Depression is a mental health condition that causes feelings of sadness, emptiness, and overall gloom on a long-term, daily basis. If you suffer from this condition, you may have a difficult time coping with your emotions, leading to the development of negative coping mechanisms such as drug or alcohol abuse. Depression can also make you more likely to also struggle with a co-occurring substance use disorder.
Studies show depression is 3 to 4 times more prevalent among people with a substance use disorder. When you struggle with both depression and addiction, it can be difficult to recover. Because of the complexities of both conditions, you need to attend a dual diagnosis treatment program that can address both illnesses at the same time.
Understanding the Relationship Between Depression and Addiction
Depression is a serious mental health condition that causes feelings of sadness, irritability, emptiness, and an inability to function in your daily life. This is a common mood disorder that can affect how you think, feel, and behave. Without proper treatment, the feelings associated with depression can become overwhelming, causing you to seek outside forms of relief.
When you seek ways to relieve your depression without professional help, you may find yourself self-medicating through the use of drugs or alcohol and ultimately developing a substance use disorder as a result of untreated depression.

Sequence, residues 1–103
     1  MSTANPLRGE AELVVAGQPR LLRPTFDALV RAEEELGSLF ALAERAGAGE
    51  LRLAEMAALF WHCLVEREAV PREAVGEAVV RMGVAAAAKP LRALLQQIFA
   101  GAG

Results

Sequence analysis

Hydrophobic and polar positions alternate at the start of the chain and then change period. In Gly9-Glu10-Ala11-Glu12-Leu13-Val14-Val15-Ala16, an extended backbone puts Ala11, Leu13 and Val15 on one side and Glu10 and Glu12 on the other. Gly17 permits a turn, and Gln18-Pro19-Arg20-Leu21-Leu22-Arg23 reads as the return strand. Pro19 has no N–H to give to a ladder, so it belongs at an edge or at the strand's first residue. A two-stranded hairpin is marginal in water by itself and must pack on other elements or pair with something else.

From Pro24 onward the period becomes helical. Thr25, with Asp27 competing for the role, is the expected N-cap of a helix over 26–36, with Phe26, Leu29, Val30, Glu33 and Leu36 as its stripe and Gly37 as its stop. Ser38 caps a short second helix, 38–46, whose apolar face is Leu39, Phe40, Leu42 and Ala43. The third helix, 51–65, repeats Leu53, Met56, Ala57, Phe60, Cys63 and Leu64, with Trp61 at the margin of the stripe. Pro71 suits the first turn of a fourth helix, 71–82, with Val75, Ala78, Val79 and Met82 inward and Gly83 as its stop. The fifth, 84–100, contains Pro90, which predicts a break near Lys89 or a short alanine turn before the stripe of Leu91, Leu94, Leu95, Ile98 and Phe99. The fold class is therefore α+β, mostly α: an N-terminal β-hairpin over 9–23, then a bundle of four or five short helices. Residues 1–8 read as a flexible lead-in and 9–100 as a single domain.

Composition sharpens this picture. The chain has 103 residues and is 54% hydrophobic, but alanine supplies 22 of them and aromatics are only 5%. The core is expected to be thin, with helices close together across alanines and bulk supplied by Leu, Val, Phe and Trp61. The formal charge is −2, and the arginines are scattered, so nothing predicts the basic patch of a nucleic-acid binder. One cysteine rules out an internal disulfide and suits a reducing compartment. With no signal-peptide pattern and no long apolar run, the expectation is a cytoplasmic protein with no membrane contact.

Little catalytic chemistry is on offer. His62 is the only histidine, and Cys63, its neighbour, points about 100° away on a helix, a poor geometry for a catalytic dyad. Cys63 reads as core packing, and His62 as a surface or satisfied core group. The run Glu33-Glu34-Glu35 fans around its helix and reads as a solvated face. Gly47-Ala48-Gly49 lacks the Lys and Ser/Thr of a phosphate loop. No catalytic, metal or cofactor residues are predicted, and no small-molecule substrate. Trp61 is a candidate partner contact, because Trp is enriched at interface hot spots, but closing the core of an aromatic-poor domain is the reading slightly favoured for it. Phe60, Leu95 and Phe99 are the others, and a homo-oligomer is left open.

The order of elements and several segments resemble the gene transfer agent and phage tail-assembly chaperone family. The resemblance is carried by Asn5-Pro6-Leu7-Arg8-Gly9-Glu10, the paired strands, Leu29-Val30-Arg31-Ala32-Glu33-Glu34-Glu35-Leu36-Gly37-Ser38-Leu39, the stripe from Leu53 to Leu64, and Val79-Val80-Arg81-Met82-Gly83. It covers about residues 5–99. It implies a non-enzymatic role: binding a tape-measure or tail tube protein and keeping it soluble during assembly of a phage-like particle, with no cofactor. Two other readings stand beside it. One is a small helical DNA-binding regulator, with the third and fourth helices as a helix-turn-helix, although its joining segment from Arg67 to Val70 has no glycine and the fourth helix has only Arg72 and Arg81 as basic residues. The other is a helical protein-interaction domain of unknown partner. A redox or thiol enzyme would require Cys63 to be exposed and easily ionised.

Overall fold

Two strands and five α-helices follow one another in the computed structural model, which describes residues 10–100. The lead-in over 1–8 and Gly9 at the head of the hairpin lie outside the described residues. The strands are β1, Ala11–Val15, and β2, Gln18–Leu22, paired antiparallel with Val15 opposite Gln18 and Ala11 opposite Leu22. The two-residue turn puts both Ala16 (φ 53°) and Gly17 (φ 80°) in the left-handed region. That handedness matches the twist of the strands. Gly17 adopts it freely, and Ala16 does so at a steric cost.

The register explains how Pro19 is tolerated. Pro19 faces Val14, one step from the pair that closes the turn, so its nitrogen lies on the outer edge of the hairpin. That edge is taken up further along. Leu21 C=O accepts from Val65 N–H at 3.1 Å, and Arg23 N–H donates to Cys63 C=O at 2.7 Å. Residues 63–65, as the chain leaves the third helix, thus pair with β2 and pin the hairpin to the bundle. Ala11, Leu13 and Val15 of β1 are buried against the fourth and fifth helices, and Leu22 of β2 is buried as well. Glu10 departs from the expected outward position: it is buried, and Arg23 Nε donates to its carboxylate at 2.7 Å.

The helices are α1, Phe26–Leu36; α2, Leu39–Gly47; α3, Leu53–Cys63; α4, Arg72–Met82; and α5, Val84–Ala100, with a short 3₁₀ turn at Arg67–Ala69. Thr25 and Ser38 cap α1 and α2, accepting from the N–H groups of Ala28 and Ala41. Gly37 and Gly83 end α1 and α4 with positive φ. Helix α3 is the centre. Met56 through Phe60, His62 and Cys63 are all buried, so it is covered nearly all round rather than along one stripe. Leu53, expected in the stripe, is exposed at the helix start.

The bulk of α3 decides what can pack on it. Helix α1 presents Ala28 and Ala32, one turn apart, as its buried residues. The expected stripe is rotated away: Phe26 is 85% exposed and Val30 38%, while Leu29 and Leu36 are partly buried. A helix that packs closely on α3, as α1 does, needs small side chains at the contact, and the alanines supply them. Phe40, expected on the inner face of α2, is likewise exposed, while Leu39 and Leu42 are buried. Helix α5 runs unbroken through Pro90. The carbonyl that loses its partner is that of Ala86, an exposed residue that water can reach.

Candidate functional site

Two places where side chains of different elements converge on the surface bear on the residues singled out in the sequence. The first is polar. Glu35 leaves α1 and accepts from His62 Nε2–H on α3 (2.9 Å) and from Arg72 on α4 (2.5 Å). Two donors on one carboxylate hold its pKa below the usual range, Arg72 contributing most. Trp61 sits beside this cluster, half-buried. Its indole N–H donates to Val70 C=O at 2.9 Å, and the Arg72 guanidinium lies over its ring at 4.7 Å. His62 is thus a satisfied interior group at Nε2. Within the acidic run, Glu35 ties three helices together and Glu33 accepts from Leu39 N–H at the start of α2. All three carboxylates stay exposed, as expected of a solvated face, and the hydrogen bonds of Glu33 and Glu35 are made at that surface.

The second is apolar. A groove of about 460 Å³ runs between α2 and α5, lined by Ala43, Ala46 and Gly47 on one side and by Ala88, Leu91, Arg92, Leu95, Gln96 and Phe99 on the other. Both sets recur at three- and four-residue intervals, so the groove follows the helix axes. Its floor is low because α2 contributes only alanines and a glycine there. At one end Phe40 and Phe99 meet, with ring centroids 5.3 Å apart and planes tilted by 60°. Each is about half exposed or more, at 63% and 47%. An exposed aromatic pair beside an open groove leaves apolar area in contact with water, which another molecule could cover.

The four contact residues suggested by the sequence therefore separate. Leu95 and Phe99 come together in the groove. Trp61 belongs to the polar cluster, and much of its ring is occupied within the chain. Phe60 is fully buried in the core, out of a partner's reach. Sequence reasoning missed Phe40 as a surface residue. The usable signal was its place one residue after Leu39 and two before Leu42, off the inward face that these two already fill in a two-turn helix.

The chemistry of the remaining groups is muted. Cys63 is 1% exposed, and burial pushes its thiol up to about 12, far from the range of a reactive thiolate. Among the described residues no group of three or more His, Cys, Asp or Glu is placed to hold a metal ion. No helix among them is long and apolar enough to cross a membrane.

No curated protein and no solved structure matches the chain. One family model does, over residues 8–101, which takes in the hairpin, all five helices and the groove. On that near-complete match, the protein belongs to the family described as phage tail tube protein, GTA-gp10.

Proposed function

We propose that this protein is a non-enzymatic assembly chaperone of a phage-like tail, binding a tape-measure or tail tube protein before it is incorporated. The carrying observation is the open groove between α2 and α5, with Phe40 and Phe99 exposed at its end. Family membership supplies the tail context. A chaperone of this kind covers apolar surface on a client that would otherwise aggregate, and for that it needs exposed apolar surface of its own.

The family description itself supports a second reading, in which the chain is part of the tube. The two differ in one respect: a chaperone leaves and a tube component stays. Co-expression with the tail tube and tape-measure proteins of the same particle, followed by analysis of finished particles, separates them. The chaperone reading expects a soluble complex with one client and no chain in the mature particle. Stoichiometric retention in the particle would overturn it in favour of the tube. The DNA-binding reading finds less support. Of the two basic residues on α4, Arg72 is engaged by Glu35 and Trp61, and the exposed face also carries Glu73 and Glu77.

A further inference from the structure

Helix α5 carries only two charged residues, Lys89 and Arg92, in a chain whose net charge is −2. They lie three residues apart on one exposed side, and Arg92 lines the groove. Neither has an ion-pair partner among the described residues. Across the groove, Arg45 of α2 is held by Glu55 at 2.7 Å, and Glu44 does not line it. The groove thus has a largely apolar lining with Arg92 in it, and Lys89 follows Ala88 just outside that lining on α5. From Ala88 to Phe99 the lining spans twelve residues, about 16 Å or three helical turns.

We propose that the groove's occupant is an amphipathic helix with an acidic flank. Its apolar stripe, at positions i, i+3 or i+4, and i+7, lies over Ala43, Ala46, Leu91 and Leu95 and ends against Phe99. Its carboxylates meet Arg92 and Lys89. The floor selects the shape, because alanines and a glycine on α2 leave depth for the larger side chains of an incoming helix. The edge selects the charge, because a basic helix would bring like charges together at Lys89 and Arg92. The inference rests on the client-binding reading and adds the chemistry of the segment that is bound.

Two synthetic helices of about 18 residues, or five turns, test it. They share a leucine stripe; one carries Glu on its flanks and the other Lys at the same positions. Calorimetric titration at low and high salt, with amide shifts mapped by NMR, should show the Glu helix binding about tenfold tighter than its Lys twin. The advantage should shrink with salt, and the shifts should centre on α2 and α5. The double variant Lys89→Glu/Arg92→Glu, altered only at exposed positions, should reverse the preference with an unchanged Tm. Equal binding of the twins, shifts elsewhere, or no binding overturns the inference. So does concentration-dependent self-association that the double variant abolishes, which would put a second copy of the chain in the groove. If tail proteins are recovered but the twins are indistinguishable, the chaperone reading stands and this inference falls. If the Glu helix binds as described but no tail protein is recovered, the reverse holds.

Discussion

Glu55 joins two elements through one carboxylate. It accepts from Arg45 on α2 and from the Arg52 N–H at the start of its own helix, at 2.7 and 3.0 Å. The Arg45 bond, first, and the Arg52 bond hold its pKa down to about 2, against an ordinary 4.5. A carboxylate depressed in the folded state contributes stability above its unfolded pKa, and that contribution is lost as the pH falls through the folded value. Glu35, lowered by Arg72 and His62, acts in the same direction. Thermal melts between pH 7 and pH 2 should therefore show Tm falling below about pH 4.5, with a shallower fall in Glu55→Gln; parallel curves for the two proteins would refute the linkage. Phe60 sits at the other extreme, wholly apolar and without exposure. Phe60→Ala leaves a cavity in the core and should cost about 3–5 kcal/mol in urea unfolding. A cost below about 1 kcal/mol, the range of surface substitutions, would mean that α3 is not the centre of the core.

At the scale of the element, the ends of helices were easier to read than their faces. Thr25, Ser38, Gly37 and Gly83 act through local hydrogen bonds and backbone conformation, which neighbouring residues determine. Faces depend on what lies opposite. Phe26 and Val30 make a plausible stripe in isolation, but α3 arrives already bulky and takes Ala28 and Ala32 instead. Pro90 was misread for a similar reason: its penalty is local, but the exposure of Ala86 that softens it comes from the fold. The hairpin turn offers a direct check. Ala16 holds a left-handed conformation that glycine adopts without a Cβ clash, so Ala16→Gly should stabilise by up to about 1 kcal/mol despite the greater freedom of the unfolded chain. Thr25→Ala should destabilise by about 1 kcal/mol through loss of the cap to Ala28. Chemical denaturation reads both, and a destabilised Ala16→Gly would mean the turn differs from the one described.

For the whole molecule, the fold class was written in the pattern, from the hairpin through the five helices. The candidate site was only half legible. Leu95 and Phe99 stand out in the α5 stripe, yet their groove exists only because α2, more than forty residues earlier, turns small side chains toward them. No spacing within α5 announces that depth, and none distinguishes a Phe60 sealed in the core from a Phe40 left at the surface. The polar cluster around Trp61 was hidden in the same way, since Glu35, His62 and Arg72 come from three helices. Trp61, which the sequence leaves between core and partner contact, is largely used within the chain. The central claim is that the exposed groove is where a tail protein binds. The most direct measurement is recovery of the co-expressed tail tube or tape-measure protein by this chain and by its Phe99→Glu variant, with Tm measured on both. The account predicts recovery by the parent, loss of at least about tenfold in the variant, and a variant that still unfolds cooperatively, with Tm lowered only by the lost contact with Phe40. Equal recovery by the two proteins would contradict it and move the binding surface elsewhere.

There are many other ways depression and addiction are related, for example:
- Common risk factors that contribute to both disorders, like genetics, environment, stress, and trauma.
- Chemical imbalances can contribute to both depression and addiction.
- A substance use disorder may lead to the development of depression because misusing drugs or alcohol can lead to changes in the brain that affect mood regulation.
One of the most common ways that substance abuse leads to the development of depression is through regular alcohol consumption. If you struggle with alcoholism you are 3.7 times more likely to develop a major depressive disorder. This is because, over time, alcohol abuse lowers your brain’s natural levels of serotonin and dopamine (the chemicals responsible for happiness and mood regulation).
Should I Get Treatment for Depression and Addiction at the Same Time?
If you struggle with co-occurring depression and addiction, you should always receive treatment for both disorders simultaneously. Let’s say you only receive treatment for your substance use disorder and leave your depression unmanaged. Over time, the symptoms of your depression will cause you to want to return to self-medicating the root of your problems, leading to the re-emergence of your substance use disorder.
There are many reasons why it’s important to receive treatment for both conditions at the same time. Another reason is the overlapping symptoms that occur between your depression and addiction. Both conditions can cause feelings of emptiness, and loneliness, as well as lead to behavioral symptoms like isolation, poor hygiene habits, self-harming behaviors, and suicidal ideation.